Smokescreens and Halfpipes

21 Feb

By Tim Mckane

The Jones won a Silver Medal in Sochi last Sunday. The first ever British medal on snow. In the snowboard slopestyle. Very brave, very exciting and very cool skiing.

But are we happy – well I was – but a lot of people were put off by the tone and language of the commentators. Ed Leigh and former boarding champ Tim Warwood were joined by Aimee Fuller (from Holywood Co Down – where Navajo is based), and they gave it up, big style, whooping and hollering.)

snow boarder

Now here is the question? The other media (press and others) have latched on to the number of complaints (300 or so) that the BBC received, because these three got caught up in the moment, and some described it as puerile and uninformative.

I loved it. I really felt that we were being given a look inside the culture and excitement of snowboarding as well as watching these young people fling themselves down the slopes doing 520s and other incomprehensible things. Did I need a technical understanding of what they were doing ( I know that grabbing your board – good- not grabbing – bad), for the couple of hours every four years that I watch boarding? Or should the commentary be for those that are watching because they already know what is happening, go boarding themselves, are young, can automatically “get” the shorthand language that is being used?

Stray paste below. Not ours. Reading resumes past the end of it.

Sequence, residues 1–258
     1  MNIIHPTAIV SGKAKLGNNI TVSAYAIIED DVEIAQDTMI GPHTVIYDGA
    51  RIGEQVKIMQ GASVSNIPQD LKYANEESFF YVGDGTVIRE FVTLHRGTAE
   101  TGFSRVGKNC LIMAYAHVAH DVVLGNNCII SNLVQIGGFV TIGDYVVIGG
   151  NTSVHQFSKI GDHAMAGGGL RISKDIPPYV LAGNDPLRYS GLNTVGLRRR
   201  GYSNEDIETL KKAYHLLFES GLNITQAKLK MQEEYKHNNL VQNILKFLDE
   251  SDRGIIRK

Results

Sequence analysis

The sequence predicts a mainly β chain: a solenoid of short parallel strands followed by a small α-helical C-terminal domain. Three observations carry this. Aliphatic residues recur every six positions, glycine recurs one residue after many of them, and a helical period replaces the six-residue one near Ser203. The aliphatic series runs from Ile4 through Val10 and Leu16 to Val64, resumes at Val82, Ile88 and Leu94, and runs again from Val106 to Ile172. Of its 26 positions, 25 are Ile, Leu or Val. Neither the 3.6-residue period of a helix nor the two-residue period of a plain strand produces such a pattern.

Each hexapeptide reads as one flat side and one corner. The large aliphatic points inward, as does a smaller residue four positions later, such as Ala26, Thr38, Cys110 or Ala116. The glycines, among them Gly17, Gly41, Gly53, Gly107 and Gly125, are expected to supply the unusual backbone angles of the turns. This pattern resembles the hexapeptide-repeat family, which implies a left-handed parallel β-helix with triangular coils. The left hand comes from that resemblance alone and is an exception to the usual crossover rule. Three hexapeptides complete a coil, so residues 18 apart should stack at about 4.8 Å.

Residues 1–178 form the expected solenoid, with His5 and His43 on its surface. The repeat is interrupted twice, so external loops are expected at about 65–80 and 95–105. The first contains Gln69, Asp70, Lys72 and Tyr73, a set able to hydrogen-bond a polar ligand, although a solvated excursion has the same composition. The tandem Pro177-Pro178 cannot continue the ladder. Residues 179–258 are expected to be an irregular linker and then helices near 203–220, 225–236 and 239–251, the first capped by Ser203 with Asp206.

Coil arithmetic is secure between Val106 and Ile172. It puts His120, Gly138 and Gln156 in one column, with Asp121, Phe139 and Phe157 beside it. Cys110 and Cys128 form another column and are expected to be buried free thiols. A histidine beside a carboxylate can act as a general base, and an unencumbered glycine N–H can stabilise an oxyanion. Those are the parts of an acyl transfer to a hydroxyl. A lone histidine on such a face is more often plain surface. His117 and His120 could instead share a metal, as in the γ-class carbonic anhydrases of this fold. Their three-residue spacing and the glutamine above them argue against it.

The complainants wanted the BBC to use the same respectful tone that applies to all their other sports coverage. Be unbiased – why? It is the British Broadcasting Corporation! Be informative (that means 40+ middle class to my reading). Dull (watch the battles between presenters of football on RTE in comparison to Match of the Day – it is engaging and provocative – like football should be). But what they got was a commentary turned up to 11. Just like the attitude of snowboarders. They work hard and play hard. They take risks, try new things, and appear to get on with each other.

But what has this to do with digital marketing. Who was the target audience for the broadcast? Those that are browsing the Winter Olympics – or those who are active in winter sports and particularly boarding? If we were developing a communications strategy which language would we use to present the sport to existing and potential customers?  What keywords would each groups search for, and which ones would lead to goal conversion. Would we be using e-mail or Snapchat and Twitter? Proper spelling or text-speak?

The problem with marketing in Northern Ireland is that too many people want it to revert back to the old ways. They are not ready for, or accepting of the changes that are going on around them. The new language of communication is not for them, but their target audience is already long gone down that road.

Complaining that things should be done the way they always are will result in the gap between you and your customers growing, not shrinking. And now I am off to a half-pipe to do a 720…
photo credit: Fotografik33 via photopin cc


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